For Some Uninsured, Simply Signing Up Is A Challenge
When the Affordable Care Act rolled out last year, Californians enrolled in both Covered California and expanded Medicaid in high numbers. But there are still millions in the state without health insurance. Undocumented people don't qualify for Obamacare benefits. And many others still find coverage too expensive — or face other obstacles in enrolling.
One of those people is Leaburn Alexander. At 6 a.m., he's finishing his shift as the night janitor at a hotel near the San Francisco International Airport. He clocks out just in time to catch the hotel's shuttle back to the airport, where he will catch a bus.
"Right now I'm on the beginning of my commute," he says. "After an eight-hour shift, my commute is like 2 1/2 hours."
I accompany Alexander on his commute to East Palo Alto, about 20 miles south. It actually takes us three hours, on the hotel shuttle and then three more buses. He does this commute five days a week because he doesn't have a car. The train would be faster, but it costs three times as much, and Alexander says he has no wiggle room in his budget.
He says he makes just under $11 an hour, and after taxes, child support and other expenses, he brings home just enough to cover rent. And all the other bills? He has a second job to cover those. His wife has been looking for work for over a year, and his oldest daughter is in college.
There's no room in the budget for health insurance.
"When I first got this job," he says, of his night janitor position, "they informed me about different employee packages, benefits and all that."
But Alexander says he can't afford the employee portion of the health insurance premium. Many people who are working lower wage jobs may qualify for Medi-Cal, California's version of Medicaid, if their incomes are low enough. But because Alexander had been turned down for Medi-Cal in the past, he presumed he still wouldn't qualify, even under Obamacare.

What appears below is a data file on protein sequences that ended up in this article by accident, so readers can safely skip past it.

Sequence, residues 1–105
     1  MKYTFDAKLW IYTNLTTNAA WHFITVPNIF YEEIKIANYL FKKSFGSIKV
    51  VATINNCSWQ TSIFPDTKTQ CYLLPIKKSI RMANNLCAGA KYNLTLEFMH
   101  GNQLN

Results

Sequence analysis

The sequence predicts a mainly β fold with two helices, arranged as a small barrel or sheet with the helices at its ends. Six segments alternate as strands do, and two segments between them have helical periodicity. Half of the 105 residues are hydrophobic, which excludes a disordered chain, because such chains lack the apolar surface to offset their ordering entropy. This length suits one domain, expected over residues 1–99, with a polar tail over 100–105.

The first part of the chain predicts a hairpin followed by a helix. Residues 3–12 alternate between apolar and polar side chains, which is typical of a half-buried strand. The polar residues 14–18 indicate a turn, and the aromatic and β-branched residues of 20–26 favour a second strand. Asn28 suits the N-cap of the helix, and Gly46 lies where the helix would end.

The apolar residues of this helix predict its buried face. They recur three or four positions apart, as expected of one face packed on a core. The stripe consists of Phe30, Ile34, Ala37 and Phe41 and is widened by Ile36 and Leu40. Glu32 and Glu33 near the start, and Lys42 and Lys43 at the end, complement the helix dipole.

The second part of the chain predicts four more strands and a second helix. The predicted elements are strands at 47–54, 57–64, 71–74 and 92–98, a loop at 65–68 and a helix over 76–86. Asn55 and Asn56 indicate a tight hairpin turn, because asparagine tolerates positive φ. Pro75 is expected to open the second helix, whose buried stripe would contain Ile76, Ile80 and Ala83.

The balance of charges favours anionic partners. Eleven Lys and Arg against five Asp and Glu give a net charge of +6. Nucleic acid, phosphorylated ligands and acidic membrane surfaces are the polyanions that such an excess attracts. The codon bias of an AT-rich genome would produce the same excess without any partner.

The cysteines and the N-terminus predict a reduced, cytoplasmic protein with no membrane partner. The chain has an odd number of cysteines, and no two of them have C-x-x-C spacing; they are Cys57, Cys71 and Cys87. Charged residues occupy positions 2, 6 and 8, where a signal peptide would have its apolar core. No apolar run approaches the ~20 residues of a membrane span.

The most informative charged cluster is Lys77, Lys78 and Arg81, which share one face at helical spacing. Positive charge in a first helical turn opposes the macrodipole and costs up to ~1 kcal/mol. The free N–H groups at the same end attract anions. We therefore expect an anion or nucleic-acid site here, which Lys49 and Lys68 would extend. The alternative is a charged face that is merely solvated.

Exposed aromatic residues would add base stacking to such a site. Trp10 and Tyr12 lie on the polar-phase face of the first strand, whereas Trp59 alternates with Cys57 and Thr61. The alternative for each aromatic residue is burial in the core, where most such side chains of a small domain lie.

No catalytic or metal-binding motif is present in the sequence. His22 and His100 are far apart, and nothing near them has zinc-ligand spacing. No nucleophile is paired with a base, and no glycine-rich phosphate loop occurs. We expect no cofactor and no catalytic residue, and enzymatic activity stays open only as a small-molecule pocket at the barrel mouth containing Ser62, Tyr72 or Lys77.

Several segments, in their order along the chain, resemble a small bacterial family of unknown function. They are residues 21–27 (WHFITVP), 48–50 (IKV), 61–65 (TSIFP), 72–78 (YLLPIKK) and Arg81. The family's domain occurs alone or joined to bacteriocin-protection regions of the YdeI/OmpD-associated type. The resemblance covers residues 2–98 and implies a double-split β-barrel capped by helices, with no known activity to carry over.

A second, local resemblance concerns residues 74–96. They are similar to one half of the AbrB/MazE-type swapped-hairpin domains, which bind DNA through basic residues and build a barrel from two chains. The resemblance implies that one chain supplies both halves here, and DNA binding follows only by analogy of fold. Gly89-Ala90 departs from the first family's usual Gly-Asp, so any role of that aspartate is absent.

While he'd like to be insured, Alexander, 53, says he feels pretty healthy.
"I mean, there's times where I'd be tired from fatigue at my age, and I know I've got a little arthritis, but I still feel pretty good," he says. "But what might be going on inside of me is a different story."
Alexander's trying to quit smoking, and his blood pressure is high. He got free pills from a clinic and plans to return when he runs out.
The only time in his adult life when he had health care was when he was incarcerated. He had substance abuse issues and was involved in a bank robbery. He says he had tried recovery programs, but didn't succeed until he became a born-again Christian.
"That was divine intervention. It really happened," he says. "I've been clean and sober since July 2011."
And so he's grateful for what he's got. He just doesn't know how he'd get insurance right now.
The Remaining Uninsured
Uninsured Californians fall into a few categories, says Laurel Lucia, with the UC Berkeley Labor Center. One is called the "family glitch": "Basically, spouses and children who can get coverage through a family member's employer but it's too expensive," she says.
Sometimes the employee part of the premium is affordable, but the family coverage is much higher. But because the employer made an offer of insurance to family members, "when they go to Covered California they're told they're ineligible for subsidies," Lucia says. It's part of federal policy.
A second uninsured group consists of people who are eligible for subsidies through the ACA marketplace — but who still find the premiums unaffordable.
Finally, Lucia says, there may be nearly 1 million Californians who are eligible for Medicaid but don't know it, or have had difficulties enrolling.
That may describe Leaburn Alexander. But while finding time to meet with someone to help him sign up sounds like a minor hassle to most people, for Alexander, it's a big barrier.
"Scheduling time to do that, you know, an appointment. It's kind of rough, kind of hard right now," Alexander says.
Just as Alexander has no wiggle room in his budget, he has precious little extra time in his schedule. After he wraps up his overnight janitor job, he heads to a second job, washing dishes at a Stanford dining hall.
He has one full morning off each week, but that time is taken up with other needs of daily life.
"Come Wednesday," he says, about his morning off, "that's when my pastor comes and gets us and takes us grocery shopping."
Alexander remains optimistic that his situation will improve.
"I'm hopeful that through prayer that God will bless me with a better-paying job," he says.
Lisa Morehouse produced this story while participating in The California Endowment Health Journalism Fellowships, a program of USC's Annenberg School of Journalism.
This story is part of a reporting partnership that includes KQED, NPR and Kaiser Health News.
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